Review: The 100-year-old man who climbed out the window and disappeared by Jonas Jonasson
by Ann Skea - October 1st, 2012
I should say from the start that I am not a laugh-out-loud reader of funny books. So, this book is not my usual sort of reading. However, Jonas Jonasson is a superb teller of tall tales; and enough people have found this book hilarious (so the publisher’s blurb tells me) for it to have been translated into 35 languages. If that is so, then for those who appreciate bizarre stories it will be a delight.
The plot is, like the title, ingenious. Allan Karlsson is about to celebrate his 100th birthday in an Old Folks home in Sweden but he doesn’t want a party. “The Mayor will be there. The press will be there. But, as it turns out, Allan will not…” As it turns out, too, Allan has never in his life done anything he didn’t want to do. Not for long, anyway. So he climbs out of his bedroom window, heads for the local bus-station, buys himself a fifty-crown ticket on the next bus out and, taking a suitcase with him which has been left in his charge by a young man who urgently needed to use the rest-room, he rides off into the sunset (so to speak).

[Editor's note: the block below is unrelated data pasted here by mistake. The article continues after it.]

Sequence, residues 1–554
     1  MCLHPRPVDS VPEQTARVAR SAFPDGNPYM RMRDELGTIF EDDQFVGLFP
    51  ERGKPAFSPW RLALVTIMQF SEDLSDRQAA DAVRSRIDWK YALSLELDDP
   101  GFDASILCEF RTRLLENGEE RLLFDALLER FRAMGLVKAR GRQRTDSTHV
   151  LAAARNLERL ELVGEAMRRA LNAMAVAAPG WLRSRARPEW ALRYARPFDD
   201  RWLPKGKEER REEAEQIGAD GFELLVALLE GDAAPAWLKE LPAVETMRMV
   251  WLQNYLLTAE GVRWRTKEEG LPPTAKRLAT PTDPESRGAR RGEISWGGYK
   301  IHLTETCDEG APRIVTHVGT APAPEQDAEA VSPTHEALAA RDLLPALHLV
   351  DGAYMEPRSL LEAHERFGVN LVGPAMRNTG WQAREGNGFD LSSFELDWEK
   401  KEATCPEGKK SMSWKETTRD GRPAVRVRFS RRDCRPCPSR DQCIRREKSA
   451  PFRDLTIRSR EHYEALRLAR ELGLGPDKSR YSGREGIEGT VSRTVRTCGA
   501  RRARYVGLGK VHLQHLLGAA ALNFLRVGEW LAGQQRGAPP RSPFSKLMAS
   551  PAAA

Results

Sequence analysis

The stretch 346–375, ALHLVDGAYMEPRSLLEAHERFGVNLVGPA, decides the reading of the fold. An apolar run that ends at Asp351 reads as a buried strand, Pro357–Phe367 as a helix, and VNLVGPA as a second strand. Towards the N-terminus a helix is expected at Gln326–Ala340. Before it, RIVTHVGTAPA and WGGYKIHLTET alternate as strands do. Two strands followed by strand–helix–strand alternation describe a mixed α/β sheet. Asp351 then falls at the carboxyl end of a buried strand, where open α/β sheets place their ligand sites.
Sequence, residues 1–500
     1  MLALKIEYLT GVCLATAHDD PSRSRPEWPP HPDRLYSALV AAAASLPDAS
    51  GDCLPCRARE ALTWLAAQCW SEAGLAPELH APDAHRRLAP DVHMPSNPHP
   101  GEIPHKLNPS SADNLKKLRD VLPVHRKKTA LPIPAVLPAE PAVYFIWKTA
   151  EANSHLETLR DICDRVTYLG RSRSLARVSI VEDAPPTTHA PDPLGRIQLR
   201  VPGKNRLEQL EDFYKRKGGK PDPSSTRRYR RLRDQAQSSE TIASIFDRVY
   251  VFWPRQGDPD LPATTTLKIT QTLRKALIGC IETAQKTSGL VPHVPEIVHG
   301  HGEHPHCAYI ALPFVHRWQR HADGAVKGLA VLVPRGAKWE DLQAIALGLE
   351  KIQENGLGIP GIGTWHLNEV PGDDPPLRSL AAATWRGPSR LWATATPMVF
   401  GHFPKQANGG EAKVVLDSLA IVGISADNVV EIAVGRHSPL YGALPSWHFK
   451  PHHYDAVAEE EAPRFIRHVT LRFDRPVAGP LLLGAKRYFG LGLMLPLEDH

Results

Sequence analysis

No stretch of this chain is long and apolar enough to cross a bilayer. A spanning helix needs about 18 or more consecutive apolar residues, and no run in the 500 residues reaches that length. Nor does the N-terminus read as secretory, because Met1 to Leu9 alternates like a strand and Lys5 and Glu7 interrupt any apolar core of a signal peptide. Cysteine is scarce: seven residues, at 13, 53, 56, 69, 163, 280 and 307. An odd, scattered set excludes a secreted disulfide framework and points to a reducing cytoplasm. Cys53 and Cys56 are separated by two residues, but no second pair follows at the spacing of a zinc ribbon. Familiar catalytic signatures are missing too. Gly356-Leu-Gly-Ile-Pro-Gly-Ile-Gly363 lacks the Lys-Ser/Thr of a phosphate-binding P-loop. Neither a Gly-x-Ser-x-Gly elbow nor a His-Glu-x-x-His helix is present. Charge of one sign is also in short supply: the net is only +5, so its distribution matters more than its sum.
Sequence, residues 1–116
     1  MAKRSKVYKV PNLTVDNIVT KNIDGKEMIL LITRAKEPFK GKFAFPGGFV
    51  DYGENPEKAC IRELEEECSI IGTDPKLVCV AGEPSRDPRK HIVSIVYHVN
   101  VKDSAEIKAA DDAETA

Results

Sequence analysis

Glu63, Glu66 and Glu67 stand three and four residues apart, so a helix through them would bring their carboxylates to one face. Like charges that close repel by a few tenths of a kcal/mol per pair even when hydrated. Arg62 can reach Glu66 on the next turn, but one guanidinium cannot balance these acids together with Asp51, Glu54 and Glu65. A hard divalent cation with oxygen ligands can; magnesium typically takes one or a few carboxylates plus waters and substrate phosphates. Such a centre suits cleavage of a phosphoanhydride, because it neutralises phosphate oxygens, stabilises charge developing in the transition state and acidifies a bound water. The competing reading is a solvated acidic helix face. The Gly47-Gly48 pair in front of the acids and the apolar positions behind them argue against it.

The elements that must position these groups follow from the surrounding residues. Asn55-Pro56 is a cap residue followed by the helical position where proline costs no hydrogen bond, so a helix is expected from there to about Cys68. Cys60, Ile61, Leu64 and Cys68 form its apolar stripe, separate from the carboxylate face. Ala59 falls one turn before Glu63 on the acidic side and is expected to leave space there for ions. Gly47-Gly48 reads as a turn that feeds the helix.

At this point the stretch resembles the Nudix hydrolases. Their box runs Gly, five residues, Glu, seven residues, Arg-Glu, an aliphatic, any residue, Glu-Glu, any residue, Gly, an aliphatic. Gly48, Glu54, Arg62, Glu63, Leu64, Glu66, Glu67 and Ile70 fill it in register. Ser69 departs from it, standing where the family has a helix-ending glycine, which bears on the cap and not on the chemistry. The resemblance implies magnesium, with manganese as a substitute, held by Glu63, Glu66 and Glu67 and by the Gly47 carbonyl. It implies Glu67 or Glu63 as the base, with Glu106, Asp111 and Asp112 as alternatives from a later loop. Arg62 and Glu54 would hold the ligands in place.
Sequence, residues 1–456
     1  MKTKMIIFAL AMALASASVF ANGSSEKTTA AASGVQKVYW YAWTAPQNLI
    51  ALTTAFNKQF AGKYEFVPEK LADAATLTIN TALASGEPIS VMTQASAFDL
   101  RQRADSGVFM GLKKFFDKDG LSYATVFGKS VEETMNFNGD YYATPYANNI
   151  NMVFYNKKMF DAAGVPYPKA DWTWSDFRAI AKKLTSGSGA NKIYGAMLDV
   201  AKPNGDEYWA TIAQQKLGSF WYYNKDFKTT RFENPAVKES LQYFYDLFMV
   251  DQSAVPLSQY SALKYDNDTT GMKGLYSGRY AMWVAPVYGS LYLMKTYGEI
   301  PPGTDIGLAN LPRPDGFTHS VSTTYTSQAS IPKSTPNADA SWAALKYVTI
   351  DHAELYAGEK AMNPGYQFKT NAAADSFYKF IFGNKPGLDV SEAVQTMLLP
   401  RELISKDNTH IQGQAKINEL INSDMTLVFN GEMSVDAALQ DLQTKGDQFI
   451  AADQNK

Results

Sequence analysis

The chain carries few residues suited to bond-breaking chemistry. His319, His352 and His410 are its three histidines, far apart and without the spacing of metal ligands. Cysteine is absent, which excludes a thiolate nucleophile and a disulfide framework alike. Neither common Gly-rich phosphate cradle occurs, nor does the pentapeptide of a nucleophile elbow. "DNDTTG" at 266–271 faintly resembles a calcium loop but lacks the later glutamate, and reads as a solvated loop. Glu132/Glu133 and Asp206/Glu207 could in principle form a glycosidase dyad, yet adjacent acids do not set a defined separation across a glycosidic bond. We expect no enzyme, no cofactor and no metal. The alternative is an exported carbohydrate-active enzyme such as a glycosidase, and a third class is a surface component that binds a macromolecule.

The suitcase, of course, turns out to be full of money. The owner turns out to be a member of a violent gang. Bad-tempered Director Alice at the Old Folks home has discovered that Allan is missing. And so the chase begins.
There are characters alive and (subsequently) dead, incompetent gangsters, thieves, ne’er-do-wells, baffled police, unexpected plot-twists…..and an elephant.
Woven into the plot is Allan’s eventful life story. As a skilled demolitions expert (although not always a very careful one) he has travelled the world and amongst the important people he has met and befriended are President Truman, Mao Tse-tung, Stalin, Winston Churchill, Charles de Gaulle, Kim Il Sung and Einstein and family (not necessarily in that order). He has also been actively involved in most of the history-making events of the twentieth century, including the Spanish Civil War and the Manhattan project.
Eventually, of course, the police catch up with Allan, his friends and the suitcase. But, master of tall stories that he is, Allan excels himself in sorting it all out. Even the elephant looks set to live happily ever-after.
Ingenious, cleverly done and fast-paced, this is a tall tale told by an expert story-teller.
Copyright © Ann Skea 2012
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